Friday, April 6, 2012

Is Delaware’s Lampstand About to Be Extinguished?

No matter which Main Street you walk or drive down in any town in Delaware, reminders of this fragile, global economy show lifelessness and despair.  Empty storefronts have become the new symbol of the Obama and Markell economy.  Broken American dreams are all that remain.

Thirty years ago, Delaware was the economic engine of this nation. Corporate powerhouses such as  DuPont, Wilmington Trust, MBNA were once symbols of Delaware’s former prominence on the global economic stage. Today, DuPont is a shell of what it once was in Delaware due to a shift in global demand of chemicals to developing nations.  Wilmington Trust and MBNA have been bought by other banks and are no longer.  Delaware was once the proud home to two automotive plants run by General Motors and Chrysler.  Today, they are gone.  Delaware’s economic stature is dimming.

What has changed?  Thirty years ago, Ronald Reagan was in the White House and Governor Pete du Pont was in the Governor’s mansion.  Today, it is President Obama in Washington and Jack Markell in Dover as Delaware’s Governor.  In a generation, Delaware has lost its footing and unless things change, it does not look like we will gain it back.  

Today, Delaware’s economic performance and outlook are bleak with no signs of hope on the horizon.  While Delaware is in the top ten states to make a living, the state’s budget and tax policy hinder economic growth.  As of late, due to Democratic control of both chambers of the Delaware General Assembly and the Governor’s mansions, Delaware has been in a continual tax and spend marathon. 

Since 2009, Delaware has ranked 49th out of 50 in legislative tax changes1 with over $9.38 out of every $1000 being levied a new tax.  Since then the top marginal personal income tax rate increased to 8.2 percent and the top marginal corporate tax rate climbed to 9.98 percent.  These legislated tax increases are the result to address an 11.4 budget gap in the FY2011 budget gap.

For us conservatives, we know Delaware has a spending problem.  If you don’t think so, then why are taxes soaring to make up for the spending spree?  Perhaps if Delaware wasn’t spending $6,800 per person2 it is annual budget, then these tax increases would not be necessary.  Perhaps if that expenditure wasn’t two and half times that of Nevada (which is 44 times the size of Delaware), then Delaware families and businesses would not be the state’s ATM.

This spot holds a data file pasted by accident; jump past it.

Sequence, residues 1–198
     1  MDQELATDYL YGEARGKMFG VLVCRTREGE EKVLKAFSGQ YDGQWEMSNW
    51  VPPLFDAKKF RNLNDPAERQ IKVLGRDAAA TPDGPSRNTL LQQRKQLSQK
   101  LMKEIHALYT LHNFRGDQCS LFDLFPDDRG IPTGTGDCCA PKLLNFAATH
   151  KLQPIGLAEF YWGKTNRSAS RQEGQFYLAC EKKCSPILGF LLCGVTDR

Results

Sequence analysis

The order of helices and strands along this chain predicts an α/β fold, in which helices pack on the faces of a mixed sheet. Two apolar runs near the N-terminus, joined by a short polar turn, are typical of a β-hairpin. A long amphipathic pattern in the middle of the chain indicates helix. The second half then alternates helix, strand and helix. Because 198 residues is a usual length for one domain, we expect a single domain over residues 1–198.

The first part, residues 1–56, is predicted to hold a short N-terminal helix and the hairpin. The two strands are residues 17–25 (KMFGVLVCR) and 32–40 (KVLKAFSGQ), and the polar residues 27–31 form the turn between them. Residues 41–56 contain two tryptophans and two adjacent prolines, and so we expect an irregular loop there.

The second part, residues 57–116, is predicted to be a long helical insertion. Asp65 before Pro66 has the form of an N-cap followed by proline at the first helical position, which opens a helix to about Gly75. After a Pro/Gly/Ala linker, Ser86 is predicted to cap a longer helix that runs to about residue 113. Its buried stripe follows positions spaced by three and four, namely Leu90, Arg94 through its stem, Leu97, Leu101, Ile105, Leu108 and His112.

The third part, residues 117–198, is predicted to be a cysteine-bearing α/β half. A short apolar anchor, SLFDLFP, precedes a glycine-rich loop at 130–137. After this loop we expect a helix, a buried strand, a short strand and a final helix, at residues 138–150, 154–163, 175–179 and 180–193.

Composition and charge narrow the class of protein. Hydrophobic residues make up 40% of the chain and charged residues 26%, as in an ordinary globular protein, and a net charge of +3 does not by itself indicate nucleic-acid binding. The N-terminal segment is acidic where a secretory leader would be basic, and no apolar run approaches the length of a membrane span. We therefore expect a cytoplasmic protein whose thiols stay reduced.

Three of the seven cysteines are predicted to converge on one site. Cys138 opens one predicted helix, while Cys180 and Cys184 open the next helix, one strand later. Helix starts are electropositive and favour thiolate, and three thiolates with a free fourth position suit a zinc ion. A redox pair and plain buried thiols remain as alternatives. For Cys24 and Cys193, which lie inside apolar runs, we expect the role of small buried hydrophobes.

Thirty years ago when conservative principles governed Delaware, its economy functioned on all cylinders.  With each passing election since, liberals replaced conservatives.  Spending boomed, taxes soared, companies left for more business-friendly states.  The result of what we are faced with now, is a state riddled in big government, bureaucracy, and an ideology that government is the solution.

2012 brings enormous opportunity and responsibility for the Delaware voter.  This very well could be the last meaningful election to make a difference.  Do we allow Delaware to be driven off the cliff pedal to the metal, or do we elect constitutional, fiscal conservatives to Legislative Hall who are going to take a machete rather than a scalpel to the state budget?  If we remember one thing from the 2010 election, remember the wise words of State Senator Colin Bonini (R-Dover) who echoed time and again “It’s OUR money.” 

Perhaps with proper representation and leadership in Dover, Delaware would not have a spending problem that forces individuals and businesses to carry the weight forced upon us by those elected to serve.  Delaware Democrats has been on spending binge, but when you have a trifecta of government control (Governor, State House and State Senate) with no opportunity to have proper checks and balances or adults in the room, the taxpayer credit card will be maxed out. 

Perhaps if our elected leaders were good stewards of our finite resources and If we treated elections with the same care as we did for our loved ones and not like a popularity contest, Delaware’s lamsptand would shine a bit brighter.

1 Source: America Legislative Exchange Council.  Rich States, Poor States 4th Edition.
2 Source: The Six States Where Taxes are Soaring via 24/7 Wall Street

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